The Ecohydrology of Woody Plant Encroachment: How the Conversion of Grasslands to Woodlands is Altering the Water Cycle

Water Events

2020 Distinguished Lecture Series


Bradford P. Wilcox is the Sid Kyle Professor of Semiarid Ecohydrology at Texas A&M University in the Department of Ecology and Conservation Biology. He has been a faculty member at Texas A&M since 2000. Prior to that was the Chief Scientific Officer at the Inter-American Institute for Global Change Research (1996-2000) and a research hydrologist at Los Alamos National Laboratory (1991-1996). His research focus is on understanding the linkage between vegetation cover and the water cycle—in particular how changes in vegetation cover may alter streamflow, groundwater recharge, and soil water dynamics. Although he has worked in many vegetation types including forests, high elevation grasslands and wetlands, the preponderance of his research has been in woodlands, shrublands and savannas. An overarching question is how is woody plant encroachment altering the ecohydrology of these landscapes. The answer is surprisingly complex and depends on many factors including climate, underlying soils, depth to groundwater and geology. In the last decade, he has increasingly focused on developing and leading large interdisciplinary projects aimed at understanding woody plant encroachment as a coupled human-natural system phenomena. He is currently leading a $10M project funded by the US Department of Agriculture aimed at developing innovative management strategies for managing woody plants on rangelands across the Great Plains Region of the United States.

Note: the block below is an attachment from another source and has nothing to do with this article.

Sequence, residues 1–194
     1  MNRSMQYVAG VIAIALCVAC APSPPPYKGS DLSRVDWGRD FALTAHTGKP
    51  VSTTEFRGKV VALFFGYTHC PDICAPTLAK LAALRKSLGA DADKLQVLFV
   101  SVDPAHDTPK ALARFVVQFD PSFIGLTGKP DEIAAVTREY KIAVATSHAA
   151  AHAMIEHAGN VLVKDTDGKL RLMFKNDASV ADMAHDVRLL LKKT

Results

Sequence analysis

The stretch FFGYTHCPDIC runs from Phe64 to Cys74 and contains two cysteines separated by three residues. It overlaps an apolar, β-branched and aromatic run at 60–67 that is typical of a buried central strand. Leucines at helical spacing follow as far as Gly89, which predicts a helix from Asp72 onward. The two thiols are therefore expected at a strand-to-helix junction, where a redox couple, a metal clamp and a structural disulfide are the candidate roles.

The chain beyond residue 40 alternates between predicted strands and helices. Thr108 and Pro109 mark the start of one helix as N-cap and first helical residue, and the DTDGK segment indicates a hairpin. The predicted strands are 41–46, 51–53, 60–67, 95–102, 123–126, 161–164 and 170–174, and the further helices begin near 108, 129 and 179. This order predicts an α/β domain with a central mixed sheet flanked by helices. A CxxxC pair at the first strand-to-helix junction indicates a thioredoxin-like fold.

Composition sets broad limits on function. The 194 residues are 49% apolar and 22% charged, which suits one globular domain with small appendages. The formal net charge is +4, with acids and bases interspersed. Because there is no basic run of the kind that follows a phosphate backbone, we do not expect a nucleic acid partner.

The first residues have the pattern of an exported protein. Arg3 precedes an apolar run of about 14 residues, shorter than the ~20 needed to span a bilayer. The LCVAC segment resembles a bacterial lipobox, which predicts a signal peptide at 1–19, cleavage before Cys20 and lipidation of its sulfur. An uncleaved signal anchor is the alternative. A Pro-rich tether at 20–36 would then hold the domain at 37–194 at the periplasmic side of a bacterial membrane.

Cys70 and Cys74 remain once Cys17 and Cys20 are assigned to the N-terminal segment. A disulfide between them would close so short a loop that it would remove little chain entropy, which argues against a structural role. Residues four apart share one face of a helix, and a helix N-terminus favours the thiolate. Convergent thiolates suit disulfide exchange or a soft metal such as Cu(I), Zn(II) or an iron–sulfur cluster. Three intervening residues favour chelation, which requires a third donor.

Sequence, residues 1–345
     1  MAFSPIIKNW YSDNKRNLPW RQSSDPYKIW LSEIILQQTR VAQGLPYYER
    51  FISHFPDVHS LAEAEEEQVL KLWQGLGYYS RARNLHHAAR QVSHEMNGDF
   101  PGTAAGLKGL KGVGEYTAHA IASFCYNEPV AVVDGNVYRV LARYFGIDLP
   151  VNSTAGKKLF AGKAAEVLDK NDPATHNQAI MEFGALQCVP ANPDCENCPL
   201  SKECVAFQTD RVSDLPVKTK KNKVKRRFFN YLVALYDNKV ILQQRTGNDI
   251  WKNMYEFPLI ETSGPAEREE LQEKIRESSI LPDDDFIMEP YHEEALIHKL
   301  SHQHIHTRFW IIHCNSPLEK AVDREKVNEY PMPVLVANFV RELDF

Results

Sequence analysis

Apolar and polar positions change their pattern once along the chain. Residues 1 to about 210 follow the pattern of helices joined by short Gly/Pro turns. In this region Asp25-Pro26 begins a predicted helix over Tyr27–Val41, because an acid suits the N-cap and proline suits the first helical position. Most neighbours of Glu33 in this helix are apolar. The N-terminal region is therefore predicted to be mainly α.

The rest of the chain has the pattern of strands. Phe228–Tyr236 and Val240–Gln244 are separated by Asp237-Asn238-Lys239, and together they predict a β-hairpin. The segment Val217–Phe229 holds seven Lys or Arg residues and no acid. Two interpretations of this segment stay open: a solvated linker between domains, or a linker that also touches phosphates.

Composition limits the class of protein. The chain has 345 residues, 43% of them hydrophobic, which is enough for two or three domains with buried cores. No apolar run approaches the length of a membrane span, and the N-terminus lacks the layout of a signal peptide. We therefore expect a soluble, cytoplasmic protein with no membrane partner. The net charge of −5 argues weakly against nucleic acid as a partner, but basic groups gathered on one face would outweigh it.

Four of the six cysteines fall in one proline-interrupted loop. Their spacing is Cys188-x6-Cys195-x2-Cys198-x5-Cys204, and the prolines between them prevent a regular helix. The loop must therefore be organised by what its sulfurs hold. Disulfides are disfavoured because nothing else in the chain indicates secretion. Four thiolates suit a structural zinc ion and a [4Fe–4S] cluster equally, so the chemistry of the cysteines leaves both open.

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Discussion Paper (click to read)

When savannas recover from overgrazing, ecohydrological connectivity collapses

Event Details

10:00 AM - 11:00 AM CST